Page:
COB (Chip on Board) and BOX (Airtight Package) are two types of primary packaging technology in fibre optic transceivers, one solution can be advantageous over the other dependant on use case and form factor.
What is COB technology?
COB (Chip on board) is a form of packaging that directly bonds the chip on the PCB. The circuit is connected by wire bonding and sealed with epoxy resin adhesive or silicone resin top drip. A transceiver with chip-on-board technology connects the laser and receiver to the PCB directly.
There are 3 key components to the COB process:
- Die bonding – bonding a chip to the PCB to form an electrical path.
- Wire bonding – an electrical circuit is created between the chip and the PCB by the welding and bonding of thin metal wires.
- Coupling – ensures the vertical light emitted by the VCSEL is emitted in parallel and enters the optical fibre for transmission.
Because the chip does not need to be individually packaged, but is mounted directly on the PCB, manufacturing costs are lower than BOX packaging. Manufacturing processes such as die bonding, wire bonding and coupling/alignment can be easily automated to support mass production of products.
COB technology enables the integration of multiple optical components and semiconductor chips on a single PCB. The integration of optical components and chips on a single PCB reduces the number of interfaces between the components, leading to higher efficiency and reduced power consumption in the right operating environment.
Where is COB technology used?
COB is mature technology and widely used. In the optical transceiver industry, COB is mainly deployed in form factors designed for short reach applications in controlled, stable environments with constant commercial grade temperatures (0-70 °C) and humidity such as datacentres.
These would typically be commercial operating temperature transceivers with a reach of up to around 100m.
COB would not be recommended for unstable, extended, or industrial temperature environments or long reach applications.
What is BOX packaging?
In BOX packaging, also known as airtight package, the optical chip is encapsulated in a metal box filled with inert gas to protect the optical components from the external environment and improve heat dissipation. The optical path is isolated from the outside world by an optical window.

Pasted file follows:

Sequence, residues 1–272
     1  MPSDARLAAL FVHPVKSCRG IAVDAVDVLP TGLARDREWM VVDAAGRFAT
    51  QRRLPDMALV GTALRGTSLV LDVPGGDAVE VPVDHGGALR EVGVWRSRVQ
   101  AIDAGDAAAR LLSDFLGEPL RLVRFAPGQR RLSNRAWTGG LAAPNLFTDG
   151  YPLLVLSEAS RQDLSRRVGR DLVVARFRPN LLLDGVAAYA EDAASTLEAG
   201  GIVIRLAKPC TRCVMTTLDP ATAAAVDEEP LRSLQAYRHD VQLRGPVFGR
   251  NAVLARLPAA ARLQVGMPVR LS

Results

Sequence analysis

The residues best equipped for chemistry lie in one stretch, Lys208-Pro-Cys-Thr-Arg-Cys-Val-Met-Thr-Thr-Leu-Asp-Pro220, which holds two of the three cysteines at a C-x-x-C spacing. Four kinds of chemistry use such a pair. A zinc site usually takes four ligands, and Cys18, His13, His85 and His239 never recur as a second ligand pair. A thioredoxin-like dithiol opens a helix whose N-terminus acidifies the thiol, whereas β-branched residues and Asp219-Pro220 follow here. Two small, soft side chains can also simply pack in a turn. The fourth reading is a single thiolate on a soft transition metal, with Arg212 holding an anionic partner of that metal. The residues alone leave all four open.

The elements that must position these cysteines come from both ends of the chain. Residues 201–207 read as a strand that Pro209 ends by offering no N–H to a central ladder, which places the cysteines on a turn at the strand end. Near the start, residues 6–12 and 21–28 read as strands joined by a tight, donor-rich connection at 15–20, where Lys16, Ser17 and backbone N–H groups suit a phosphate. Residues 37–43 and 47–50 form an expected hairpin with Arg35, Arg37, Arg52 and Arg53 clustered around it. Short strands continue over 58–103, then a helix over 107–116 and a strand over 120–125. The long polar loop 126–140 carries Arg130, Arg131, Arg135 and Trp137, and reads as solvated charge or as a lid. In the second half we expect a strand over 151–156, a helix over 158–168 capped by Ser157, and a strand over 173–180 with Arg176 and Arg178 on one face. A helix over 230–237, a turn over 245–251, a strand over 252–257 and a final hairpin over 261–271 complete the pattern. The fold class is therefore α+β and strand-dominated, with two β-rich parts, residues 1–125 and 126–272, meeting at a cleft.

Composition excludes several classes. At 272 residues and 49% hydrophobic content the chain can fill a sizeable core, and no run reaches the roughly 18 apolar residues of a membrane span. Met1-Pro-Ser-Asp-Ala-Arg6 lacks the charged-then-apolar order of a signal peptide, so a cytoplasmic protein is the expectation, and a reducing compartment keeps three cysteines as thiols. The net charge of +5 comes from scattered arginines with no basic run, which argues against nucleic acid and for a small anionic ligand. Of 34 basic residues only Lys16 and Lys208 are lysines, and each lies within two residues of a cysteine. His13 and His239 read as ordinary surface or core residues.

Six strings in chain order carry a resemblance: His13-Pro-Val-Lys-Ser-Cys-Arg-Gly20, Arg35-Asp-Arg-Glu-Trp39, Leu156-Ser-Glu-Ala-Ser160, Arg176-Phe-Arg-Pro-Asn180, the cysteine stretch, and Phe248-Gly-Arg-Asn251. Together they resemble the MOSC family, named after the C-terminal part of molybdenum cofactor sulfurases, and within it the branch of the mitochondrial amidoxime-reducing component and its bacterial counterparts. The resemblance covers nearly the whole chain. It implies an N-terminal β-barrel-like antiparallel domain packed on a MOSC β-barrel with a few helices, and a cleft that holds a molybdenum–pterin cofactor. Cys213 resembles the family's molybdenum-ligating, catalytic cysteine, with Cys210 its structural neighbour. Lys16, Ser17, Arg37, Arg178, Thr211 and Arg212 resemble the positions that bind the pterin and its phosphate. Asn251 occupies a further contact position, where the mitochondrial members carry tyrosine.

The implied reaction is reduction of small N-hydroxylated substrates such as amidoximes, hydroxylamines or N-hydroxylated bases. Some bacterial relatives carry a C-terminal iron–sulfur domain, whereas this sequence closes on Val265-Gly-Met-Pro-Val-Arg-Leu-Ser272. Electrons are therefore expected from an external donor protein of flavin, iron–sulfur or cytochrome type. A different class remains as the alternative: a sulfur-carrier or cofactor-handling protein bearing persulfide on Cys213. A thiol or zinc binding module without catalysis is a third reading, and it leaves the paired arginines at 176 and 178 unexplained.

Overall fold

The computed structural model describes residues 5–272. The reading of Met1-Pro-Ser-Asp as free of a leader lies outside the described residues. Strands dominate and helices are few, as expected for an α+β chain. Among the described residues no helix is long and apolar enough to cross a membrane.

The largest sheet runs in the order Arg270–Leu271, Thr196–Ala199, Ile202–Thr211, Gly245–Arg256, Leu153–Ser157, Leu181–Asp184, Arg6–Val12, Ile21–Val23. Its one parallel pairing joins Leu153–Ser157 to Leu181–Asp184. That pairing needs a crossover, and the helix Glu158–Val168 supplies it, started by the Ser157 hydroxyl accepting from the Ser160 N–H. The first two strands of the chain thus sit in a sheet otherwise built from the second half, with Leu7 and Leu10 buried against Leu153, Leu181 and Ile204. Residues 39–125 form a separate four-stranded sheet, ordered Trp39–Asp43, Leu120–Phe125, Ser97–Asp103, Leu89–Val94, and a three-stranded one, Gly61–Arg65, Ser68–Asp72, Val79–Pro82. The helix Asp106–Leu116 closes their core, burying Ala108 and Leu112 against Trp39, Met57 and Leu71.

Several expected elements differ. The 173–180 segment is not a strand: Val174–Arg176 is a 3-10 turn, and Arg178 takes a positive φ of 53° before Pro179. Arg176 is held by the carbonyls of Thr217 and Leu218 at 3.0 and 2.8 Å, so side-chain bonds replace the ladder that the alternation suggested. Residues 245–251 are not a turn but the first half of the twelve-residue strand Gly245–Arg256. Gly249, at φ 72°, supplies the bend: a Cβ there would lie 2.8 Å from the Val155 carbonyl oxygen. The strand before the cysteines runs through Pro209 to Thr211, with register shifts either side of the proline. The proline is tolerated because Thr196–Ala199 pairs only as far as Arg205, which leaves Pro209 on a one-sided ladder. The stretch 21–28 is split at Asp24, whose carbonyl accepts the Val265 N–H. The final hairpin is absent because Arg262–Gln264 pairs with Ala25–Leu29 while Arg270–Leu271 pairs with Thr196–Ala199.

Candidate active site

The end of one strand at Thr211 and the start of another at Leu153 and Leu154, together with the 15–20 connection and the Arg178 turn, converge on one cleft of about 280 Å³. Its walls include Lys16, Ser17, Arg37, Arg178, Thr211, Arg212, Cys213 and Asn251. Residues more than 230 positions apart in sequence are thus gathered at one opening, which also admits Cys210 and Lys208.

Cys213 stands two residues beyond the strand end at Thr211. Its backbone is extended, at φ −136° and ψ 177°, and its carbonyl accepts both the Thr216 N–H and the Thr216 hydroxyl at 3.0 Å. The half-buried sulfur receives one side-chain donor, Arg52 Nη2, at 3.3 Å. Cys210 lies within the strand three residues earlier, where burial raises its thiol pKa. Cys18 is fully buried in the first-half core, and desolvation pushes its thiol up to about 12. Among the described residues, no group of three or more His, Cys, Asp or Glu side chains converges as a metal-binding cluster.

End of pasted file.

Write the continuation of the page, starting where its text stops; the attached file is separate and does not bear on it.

Where is BOX packaging used?
BOX packaging technology tends to have a more stable optical and electrical performance with improved heat dissipation. In the optical transceiver industry, BOX is traditionally used in long-reach transceivers and environments with uncontrolled environments with fluctuating or non-commercial temperatures and humidity.
Advantages of BOX packaging
Ease of Integration: BOX packaging allows for the integration of laser components into a standardised housing, making it easier to assemble and integrate into transceiver modules or systems.
Enhanced Protection: BOX packaging provides a protective enclosure for the laser components, shielding them from external elements such as dust, moisture, and mechanical stress. This helps to improve the reliability and longevity of the laser components.
Customisation and Flexibility: BOX packaging offers more flexibility for customisation and modification of the transceiver's electrical and mechanical characteristics. Different connector types, power options, and interface configurations can be easily implemented to meet specific application requirements.
Testing and Maintenance: BOX packaging enables easier testing, repair, and replacement of individual laser components. Since the components are not directly mounted on the PCB, they can be accessed and serviced more conveniently, simplifying troubleshooting and maintenance tasks.
Thermal Management: The BOX packaging design often includes features for effective thermal management, such as heat sinks or thermal pads. This helps to dissipate heat generated by the laser components and maintain optimal operating temperatures, ensuring a reliable and stable performance.
Scalability and Future Upgrades: BOX packaged laser components provide scalability options, allowing for future upgrades or replacements without significant modifications to the overall transceiver design. This flexibility is advantageous in evolving network environments.
How do COB and BOX compare?
COB packaging transceiver has good electrical and thermal performance and is suitable for short reach stable, controlled environments. COB is also a more cost-effective solution. The BOX packaging transceiver has a more stable optical and electrical performance suited to long reach and uncontrolled environments.
It is also important to note that BOX packaging transceivers can be used to replace COB packaging transceivers, however it is not advisable to replace BOX optics with COB especially for long reach telecom applications.
From the end user point of view, the main difference between COB and BOX Packaging transceiver optics is the difference in performance, different use scenarios, and cost, COB being a cheaper option than BOX.
The specific application may need to be considered when you wish to make a choice between COB or BOX packaging.
Overall however, BOX packaged laser components in transceivers offer improved protection, customisation options, ease of maintenance, and compatibility, making them a preferred choice for many optical transceiver applications.
ATGBICS and COB / BOX technology
ATGBICS fibre optic transceivers are manufactured using the optimal technology and manufacturing processes for the form factor, reach and use case.
Our default manufacturing option is BOX but where the specific application requires it, we will manufacture using the COB solution.
When building a prototype for clients, we will always consider the use case when deciding on the packaging type.